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Mesoscale convective systems simulations over the Amazon Basin using a high-resolution climate model

Grant number: 18/17134-3
Support type:Scholarships abroad - Research Internship - Doctorate
Effective date (Start): December 10, 2018
Effective date (End): June 07, 2019
Field of knowledge:Physical Sciences and Mathematics - Geosciences - Meteorology
Principal Investigator:Tercio Ambrizzi
Grantee:Amanda Rehbein
Supervisor abroad: Masaki Satoh
Home Institution: Instituto de Astronomia, Geofísica e Ciências Atmosféricas (IAG). Universidade de São Paulo (USP). São Paulo , SP, Brazil
Local de pesquisa : University of Tokyo, Japan  
Associated to the scholarship:16/10557-0 - Mesoscale convective systems over the Amazon Basin:Present climate and future climate change scenarios, BP.DR

Abstract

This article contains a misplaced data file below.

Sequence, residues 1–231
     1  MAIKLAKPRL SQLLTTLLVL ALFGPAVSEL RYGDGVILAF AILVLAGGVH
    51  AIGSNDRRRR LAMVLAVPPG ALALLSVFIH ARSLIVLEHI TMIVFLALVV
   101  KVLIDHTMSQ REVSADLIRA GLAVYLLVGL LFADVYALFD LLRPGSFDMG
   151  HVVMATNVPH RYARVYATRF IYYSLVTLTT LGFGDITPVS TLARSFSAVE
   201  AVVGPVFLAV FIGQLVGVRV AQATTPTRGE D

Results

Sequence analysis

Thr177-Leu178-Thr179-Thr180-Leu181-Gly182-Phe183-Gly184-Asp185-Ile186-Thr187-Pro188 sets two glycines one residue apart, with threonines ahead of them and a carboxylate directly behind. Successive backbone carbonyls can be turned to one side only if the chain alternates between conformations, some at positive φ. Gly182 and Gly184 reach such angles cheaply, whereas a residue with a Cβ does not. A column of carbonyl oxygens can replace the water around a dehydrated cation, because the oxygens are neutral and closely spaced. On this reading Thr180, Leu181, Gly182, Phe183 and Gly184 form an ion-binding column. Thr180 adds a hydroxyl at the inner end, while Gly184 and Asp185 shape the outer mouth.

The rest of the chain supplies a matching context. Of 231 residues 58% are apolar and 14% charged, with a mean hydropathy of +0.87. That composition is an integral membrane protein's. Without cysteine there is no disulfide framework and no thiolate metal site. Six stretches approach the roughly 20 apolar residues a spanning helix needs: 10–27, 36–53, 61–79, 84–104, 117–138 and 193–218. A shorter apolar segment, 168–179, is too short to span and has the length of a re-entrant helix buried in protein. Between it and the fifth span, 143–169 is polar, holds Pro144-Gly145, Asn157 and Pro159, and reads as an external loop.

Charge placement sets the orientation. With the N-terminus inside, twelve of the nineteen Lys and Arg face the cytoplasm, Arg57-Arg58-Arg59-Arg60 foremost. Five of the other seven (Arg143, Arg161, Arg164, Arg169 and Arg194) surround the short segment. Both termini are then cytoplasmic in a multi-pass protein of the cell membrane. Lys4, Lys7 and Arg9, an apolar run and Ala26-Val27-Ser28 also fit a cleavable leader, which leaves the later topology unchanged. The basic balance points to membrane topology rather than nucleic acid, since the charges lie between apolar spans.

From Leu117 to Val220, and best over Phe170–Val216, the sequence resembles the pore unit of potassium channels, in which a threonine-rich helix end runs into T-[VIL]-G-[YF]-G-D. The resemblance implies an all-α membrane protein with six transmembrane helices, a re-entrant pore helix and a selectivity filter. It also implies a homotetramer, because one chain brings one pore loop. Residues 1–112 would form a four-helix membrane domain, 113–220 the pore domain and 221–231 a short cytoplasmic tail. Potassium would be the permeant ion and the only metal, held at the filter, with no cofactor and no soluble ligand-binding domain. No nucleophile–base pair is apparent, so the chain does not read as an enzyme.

Mesoscale convective systems (MCSs) occur spread around world, being associated to very strong thunderstorms, vertical heat transferring, and large amounts of precipitation, among others. Precipitation is fundamental for the ecosystems equilibrium over the Amazon basin, the major watershed in the globe. The climate change is imminent and accelerated by human beings. In this case, prevention and mitigation actions to minimize or try to avoid their impacts depend on the knowledge of the behavior of variables such as temperature and precipitation. Thus, it is important to question how will be the average occurrence and behavior of MCSs in the Amazon basin in a scenario of climate change? Will these systems increase, decrease, or remain approximately constant? Will its intensity increase, decrease, or be the same as in the present? Detecting and tracking MCSs depends on high resolution both spatial and temporal. For the present climate, infrared images from geostationary satellites and/or precipitation dataset are usually used. For the future, we can only use precipitation data from numerical models. The Non-hydrostatic Icosahedral Atmospheric Model (NICAM) is a general circulation model which allows very high resolution global atmospheric circulation simulations (Satoh et al., 2014). The purpose of this investigation is use NICAM simulations to obtain precipitation data and use it to study the future occurrences of MCSs over the Amazon basin, comparing to the present.